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regular-article-logo Tuesday, 28 May 2024

‘Harbinger of a revolutionary change’: Congress leadership quells dissent over caste census

Congress president Mallikarjun Kharge on Sunday underlined that the wealth of billionaires rose 280 per cent between 2014 and 2022 — ten times the growth in the average national income — while defending the demand for a caste census

Sanjay K. Jha New Delhi Published 25.03.24, 06:18 AM
Mallikarjun Kharge.

Mallikarjun Kharge. File picture.

The Congress leadership has stepped in to douse any dissidence over Rahul Gandhi’s focus on a caste census, a departure from the party’s traditional politics that has dismayed some upper-caste party veterans.

Congress president Mallikarjun Kharge on Sunday underlined that the wealth of billionaires rose 280 per cent between 2014 and 2022 — ten times the growth in the average national income — while defending the demand for a caste census.

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Party communications chief Jairam Ramesh joined him in arguing that the inequalities of income and opportunity correspond to caste inequalities, and a remedy is impossible without gathering caste data.

“India’s richest 1 per cent enjoy 22.6 per cent of the national wealth, which is higher than their share (was) even during British times. The bottom 50 per cent has access to only 15 per cent of the national income. This has happened in the last 10 years of Narendra Modi’s rule,” Kharge said.

“Around 34 per cent families earn less than the minimum wage of Rs 375 a day. The Congress has therefore given a broad guarantee for social, economic and caste census under ‘Hissedari Nyay’. Through this exercise, a survey will be done about the social and economic status of different communities, their participation in the system and (their) share in the national wealth. This will be the harbinger of a revolutionary change.”

Some within the Congress feel that Rahul’s thrust on a caste census is not in tune with the party’s centrist politics that has relied on inclusion and justice without arousing caste sentiments. This lobby has, however, always protected the social status quo, never airing concern over the injustice that the marginalised sections have suffered over the decades.

The firm intervention by the party president and communications chief appears to betray fears within the leadership about fresh dissensions brewing in the party. This unease in the party was manifested in a letter to Kharge from veteran Anand Sharma, a Brahmin, a few days ago.

In the letter, also sent to Congress Working Committee members and legislature party leaders, Sharma argued that the Congress had never engaged in, nor endorsed, identity politics. He said the current departure from this position was a matter of concern for many.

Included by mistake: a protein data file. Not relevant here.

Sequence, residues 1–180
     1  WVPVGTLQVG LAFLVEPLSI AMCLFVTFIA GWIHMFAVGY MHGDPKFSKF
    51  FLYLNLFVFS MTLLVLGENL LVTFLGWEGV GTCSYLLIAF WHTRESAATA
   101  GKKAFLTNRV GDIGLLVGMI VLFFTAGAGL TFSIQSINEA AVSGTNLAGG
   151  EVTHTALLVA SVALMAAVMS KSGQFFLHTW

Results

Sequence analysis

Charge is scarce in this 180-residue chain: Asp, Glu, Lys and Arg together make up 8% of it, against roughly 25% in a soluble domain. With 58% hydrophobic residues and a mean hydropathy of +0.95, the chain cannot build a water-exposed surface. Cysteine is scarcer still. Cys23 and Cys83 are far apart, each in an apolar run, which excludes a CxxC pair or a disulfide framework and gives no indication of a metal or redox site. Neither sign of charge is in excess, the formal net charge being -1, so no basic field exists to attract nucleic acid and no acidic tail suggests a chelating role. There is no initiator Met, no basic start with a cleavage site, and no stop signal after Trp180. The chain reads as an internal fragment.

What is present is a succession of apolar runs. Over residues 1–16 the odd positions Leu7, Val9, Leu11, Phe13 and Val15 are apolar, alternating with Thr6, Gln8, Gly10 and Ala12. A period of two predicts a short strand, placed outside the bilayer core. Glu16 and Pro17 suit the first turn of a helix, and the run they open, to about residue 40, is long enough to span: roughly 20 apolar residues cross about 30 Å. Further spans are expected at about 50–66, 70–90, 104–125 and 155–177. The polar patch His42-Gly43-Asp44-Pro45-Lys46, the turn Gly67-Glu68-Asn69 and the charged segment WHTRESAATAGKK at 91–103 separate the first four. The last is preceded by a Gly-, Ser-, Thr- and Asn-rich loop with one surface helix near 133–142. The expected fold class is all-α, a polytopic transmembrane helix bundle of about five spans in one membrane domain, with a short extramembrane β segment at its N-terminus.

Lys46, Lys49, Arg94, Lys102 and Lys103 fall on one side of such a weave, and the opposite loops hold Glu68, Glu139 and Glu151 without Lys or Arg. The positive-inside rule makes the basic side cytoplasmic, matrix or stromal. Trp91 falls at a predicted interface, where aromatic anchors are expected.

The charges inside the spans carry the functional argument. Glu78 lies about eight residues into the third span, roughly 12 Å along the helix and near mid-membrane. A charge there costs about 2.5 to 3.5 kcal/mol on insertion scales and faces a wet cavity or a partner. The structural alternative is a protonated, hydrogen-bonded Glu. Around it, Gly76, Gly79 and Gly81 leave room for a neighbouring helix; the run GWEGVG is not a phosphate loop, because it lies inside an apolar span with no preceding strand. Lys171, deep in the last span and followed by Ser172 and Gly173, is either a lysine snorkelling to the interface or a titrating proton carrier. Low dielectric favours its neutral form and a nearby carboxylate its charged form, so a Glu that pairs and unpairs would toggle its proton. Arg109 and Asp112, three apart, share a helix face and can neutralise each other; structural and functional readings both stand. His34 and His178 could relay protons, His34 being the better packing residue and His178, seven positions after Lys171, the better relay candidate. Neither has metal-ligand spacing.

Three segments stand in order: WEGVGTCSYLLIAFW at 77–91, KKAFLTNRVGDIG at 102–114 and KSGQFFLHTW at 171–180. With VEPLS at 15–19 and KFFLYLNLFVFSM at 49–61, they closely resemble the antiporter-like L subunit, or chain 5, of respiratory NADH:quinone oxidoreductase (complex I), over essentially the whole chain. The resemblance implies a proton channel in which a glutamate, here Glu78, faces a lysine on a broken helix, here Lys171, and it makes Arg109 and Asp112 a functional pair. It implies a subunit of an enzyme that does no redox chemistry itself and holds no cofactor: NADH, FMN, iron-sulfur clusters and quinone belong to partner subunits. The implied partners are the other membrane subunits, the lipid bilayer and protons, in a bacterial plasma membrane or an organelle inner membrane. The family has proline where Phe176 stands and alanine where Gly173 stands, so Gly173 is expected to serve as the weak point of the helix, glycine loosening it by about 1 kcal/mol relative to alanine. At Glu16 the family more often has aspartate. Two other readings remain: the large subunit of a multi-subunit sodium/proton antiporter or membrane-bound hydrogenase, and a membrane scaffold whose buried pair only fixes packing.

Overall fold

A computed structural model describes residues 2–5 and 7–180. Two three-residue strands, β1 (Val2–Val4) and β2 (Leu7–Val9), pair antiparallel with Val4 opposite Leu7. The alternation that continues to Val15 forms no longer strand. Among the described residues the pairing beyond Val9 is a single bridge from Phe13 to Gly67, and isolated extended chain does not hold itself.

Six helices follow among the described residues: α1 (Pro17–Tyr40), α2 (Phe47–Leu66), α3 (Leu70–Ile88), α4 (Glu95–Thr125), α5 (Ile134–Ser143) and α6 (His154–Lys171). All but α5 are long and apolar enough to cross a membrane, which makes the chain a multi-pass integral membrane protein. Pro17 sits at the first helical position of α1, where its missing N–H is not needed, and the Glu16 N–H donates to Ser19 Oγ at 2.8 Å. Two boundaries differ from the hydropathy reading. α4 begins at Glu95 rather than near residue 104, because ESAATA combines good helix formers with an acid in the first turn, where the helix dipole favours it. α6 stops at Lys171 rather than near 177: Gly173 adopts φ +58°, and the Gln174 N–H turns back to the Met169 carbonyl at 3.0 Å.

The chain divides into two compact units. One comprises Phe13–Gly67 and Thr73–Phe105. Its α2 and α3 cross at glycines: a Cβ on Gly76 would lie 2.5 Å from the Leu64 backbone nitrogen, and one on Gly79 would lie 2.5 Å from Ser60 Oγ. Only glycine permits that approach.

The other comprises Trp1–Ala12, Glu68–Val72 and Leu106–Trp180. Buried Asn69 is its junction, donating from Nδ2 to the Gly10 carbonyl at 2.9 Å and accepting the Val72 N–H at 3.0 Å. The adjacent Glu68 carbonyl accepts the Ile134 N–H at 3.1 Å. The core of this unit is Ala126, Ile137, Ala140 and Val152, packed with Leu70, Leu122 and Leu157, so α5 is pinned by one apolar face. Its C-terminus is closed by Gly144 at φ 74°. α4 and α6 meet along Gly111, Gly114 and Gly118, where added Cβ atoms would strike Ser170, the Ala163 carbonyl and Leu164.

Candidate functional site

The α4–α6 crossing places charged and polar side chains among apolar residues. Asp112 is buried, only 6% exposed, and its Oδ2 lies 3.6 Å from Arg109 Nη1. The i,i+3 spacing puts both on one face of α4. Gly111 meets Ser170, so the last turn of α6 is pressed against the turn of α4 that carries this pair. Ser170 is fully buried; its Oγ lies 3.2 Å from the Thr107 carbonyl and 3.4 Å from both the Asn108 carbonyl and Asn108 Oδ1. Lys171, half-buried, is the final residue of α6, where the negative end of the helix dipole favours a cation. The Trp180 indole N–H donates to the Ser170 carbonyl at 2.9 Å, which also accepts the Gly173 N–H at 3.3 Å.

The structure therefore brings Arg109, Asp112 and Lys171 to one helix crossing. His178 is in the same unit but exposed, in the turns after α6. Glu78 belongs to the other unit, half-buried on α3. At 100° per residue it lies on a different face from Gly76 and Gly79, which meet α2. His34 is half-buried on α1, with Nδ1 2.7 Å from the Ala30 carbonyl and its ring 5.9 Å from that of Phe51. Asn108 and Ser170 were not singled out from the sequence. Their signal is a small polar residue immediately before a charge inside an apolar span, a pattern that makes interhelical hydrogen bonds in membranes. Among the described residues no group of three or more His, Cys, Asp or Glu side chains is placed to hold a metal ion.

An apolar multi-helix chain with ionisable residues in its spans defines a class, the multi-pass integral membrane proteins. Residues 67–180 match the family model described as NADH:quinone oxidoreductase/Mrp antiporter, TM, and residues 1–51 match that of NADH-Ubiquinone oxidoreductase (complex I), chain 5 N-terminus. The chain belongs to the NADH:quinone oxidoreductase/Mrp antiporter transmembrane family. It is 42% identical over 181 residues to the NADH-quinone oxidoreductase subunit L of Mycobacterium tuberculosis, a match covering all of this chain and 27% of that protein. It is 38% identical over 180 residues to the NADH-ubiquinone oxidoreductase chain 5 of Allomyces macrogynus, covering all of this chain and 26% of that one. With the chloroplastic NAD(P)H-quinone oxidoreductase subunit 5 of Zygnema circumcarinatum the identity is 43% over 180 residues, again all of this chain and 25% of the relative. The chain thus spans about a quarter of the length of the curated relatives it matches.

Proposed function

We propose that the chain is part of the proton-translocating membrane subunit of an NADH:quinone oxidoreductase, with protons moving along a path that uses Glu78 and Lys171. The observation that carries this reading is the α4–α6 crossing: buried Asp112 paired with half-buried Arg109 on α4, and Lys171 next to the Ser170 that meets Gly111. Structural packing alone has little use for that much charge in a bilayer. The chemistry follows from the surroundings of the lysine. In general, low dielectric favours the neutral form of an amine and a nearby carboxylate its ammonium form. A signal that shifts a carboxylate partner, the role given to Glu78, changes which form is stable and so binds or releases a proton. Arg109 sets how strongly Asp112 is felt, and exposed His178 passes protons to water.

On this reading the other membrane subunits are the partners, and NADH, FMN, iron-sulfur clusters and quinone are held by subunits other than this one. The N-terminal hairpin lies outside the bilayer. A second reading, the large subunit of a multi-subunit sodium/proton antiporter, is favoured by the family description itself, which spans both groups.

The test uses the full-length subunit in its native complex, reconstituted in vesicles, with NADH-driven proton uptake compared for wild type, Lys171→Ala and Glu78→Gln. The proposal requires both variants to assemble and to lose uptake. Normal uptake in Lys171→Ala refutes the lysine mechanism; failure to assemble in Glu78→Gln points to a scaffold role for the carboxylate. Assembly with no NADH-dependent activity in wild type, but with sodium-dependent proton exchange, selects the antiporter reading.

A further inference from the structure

(Left) Anand Sharma

(Left) Anand Sharma File picture

Sharma, whom Sonia Gandhi had appointed Union commerce minister and deputy leader of the Rajya Sabha, developed differences with Rahul and formed the “G23” along with Ghulam Nabi Azad, who has since left the party.

Sharma’s decision to oppose the party’s decision on a caste census — a demand included in its poll manifesto — at this late stage is being seen as irresponsible. Many in the Congress privately allege it’s a conspiracy to harm the party in the general election.

“(The) Congress has believed in (an) inclusive approach, which is non-discriminatory in formulating policies for equity and social justice for the poor and the underprivileged,” Sharma’s letter said.

“In my humble opinion, this (demand for a caste census) will be misconstrued as disrespecting the legacy of Indiraji and Rajivji. Also by default, that will be an indictment of successive Congress governments and their work for empowerment of the disadvantaged sections.”

Sharma recalled Indira Gandhi’s 1980 slogan “Na jaat par na paat par, mohar lagegi haath par”, which sought votes based on the Congress’s policies and not caste identities.

Rahul has already expressed regret for the Congress’s past stance on a caste census and argued that the nation cannot progress without social justice. He has made this the fulcrum of his political discourse, earning enormous goodwill among the backward castes, Dalits and tribal communities.

Without referring to Sharma’s letter, Ramesh said: “The caste category in the census was done away with, except for those pertaining to Scheduled Castes and Scheduled Tribes, beginning with the 1951 Census. This was considered necessary given the challenges faced by a newly independent country.

“The last such census, due in 2021, has been repeatedly put off by the Modi government – so we are currently lacking the latest data.”

Ramesh added: “The Socio-Economic Caste Census (SECC) covering 25 crore households was conducted in 2011. The socioeconomic data is used now for welfare programmes but the caste data never got published by the Modi government.

“Over the past three decades, reservations in education and employment in the government and the public sector have come to cover not only SCs and STs, but also the Other Backward Classes (OBCs) and Economically Weaker Sections (EWS) of general castes.

“The government cannot plan for social justice without such data on the population in each of these categories. That is why a caste census becomes necessary. It is also essential in order to ensure more equitable distribution of reservation benefits within the reserved categories.

“Going beyond the population of each caste grouping, the real question we hope to answer is who benefits from fast economic development, and who bears its costs. Our experience shows that the benefits of growth in India are inequitably distributed.”

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